Have you ever been walking along, having a totally normal day, and suddenly your nipples feel itchy, it’s like you’re wearing a bra made of a 1000 nipples.
If your nipples are anything like mine, they don’t usually cause much trouble — they go along to get along, trooping around quietly in the bra until you need to unleash them for practical and/or recreational purposes — which might be why, when your nipples feel strange, it can sometimes be kind of terrifying.
That terror can easily turn into full-tilt panic: My first thoughts are ALWAYS could my itchy, dry nipples be a sign of something serious? Are these random hairs going to be here for the rest of my life? Why hast thou betrayed me, beloved headlights!
The shock of having a nipple feel weird is usually much worse than whatever’s actually going on with your nipple — because, for the most part, nipple weirdness is not a sign of a serious health problem. Anything having to do with my breasts can send me into breast cancer panic mode.
The most common nipple-related breast cancer symptoms are tenderness, dimpling, a change in skin texture on the nipple, and a suddenly inverted nipple (inverted nipples are common and harmless — a sudden inversion is the only cause for alarm.)
So what I’ve learned is that anything else that you feel: random itch, tingle, or drip — is most likely nothing to worry about.
If your nipples look or feel different than they usually do for a prolonged period of time, or if you’re just freaked out, it’s always a good idea to see a doctor.
First of all, itchy nipples are almost never a sign of a health problem. In rare cases, itchy nipples can be a symptom of inflammatory breast cancer or Paget disease of the breast, but itching is almost never the only symptom.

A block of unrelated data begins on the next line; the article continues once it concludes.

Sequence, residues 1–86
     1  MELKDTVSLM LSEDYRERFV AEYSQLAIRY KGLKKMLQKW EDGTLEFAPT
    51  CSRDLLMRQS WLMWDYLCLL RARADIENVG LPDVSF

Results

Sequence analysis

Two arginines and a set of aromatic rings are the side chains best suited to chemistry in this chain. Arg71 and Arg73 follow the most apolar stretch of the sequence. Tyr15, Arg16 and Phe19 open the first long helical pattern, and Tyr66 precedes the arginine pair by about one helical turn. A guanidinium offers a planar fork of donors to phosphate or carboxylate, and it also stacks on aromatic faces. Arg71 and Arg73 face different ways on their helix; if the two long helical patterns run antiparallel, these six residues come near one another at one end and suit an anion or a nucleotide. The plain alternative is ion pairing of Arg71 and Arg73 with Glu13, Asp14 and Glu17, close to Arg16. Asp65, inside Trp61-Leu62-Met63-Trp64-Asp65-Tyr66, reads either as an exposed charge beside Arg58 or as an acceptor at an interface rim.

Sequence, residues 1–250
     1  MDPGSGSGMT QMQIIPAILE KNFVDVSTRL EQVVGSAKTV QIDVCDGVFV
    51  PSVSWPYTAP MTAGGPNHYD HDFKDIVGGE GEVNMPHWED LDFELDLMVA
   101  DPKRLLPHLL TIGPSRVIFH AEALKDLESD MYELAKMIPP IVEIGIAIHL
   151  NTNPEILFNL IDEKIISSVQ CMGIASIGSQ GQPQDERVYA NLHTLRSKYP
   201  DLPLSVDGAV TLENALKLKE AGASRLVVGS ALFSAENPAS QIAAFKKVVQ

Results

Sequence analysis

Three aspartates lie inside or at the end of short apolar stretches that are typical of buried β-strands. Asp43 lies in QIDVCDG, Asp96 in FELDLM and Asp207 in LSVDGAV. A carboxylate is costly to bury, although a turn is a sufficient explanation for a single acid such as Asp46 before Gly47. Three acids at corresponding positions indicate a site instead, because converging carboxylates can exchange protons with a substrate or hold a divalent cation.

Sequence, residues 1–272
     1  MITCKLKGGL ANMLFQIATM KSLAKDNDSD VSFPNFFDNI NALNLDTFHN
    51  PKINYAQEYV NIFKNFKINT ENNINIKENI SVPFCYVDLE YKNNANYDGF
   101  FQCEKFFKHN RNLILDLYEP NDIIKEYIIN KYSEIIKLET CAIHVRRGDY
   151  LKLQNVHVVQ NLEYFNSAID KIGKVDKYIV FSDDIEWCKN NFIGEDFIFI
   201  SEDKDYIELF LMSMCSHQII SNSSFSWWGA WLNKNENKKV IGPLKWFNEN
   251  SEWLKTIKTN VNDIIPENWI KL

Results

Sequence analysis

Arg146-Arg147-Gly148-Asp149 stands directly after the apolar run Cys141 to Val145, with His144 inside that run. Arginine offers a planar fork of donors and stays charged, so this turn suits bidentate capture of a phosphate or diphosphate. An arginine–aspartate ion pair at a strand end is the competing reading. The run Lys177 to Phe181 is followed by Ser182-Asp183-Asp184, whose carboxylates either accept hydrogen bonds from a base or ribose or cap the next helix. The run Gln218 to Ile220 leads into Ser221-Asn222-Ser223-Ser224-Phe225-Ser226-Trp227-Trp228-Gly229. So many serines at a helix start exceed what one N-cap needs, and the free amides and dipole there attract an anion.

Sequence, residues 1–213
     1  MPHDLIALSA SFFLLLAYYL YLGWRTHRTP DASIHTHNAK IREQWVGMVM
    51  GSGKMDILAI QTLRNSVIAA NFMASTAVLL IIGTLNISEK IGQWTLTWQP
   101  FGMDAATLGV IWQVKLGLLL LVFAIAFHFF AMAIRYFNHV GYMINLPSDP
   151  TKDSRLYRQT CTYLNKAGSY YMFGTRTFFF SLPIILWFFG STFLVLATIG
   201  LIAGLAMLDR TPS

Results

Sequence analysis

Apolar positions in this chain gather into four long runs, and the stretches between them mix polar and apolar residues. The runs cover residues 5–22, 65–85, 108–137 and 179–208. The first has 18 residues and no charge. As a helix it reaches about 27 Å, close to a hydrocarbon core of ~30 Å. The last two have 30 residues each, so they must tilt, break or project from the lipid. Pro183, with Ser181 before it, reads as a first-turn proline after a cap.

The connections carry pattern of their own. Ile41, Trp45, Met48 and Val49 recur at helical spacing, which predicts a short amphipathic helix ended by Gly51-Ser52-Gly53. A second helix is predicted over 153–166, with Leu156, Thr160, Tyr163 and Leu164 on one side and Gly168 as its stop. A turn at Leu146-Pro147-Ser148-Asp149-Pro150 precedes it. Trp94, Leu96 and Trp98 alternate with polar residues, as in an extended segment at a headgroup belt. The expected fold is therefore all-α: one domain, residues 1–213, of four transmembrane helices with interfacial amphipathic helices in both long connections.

Run-of-the-mill itchy nipples have more benign causes: sometimes the itchiness is created by a skin condition, like eczema, but if you’re not experiencing a rash or other symptoms, odds are that your nipples are itchy because they’ve become irritated — by the laundry detergent or soap that you use, by friction in an ill-fitting bra, or by dry weather that’s making all of your skin dry and itchy.
Itchy nipples can also be a side effect of pregnancy-related breast growth — as a pregnant woman’s breasts expand, the stretching of the skin can irritate the nipple, leading to drying, cracking, and a persistent nipple itch.
Fortunately, itchy nipples are easy to treat, for pregnant and non-pregnant folks alike — just massage some non-irritating moisturizer into your nipple, especially right after you come out of the shower. The moisture should keep your nipples calm. But no matter how itchy your nips get, don’t put calamine lotion on them — that lotion can actually dry the skin of the nipple, and make the itching worse.
Question of the day: How do you handle the itchy nipple?
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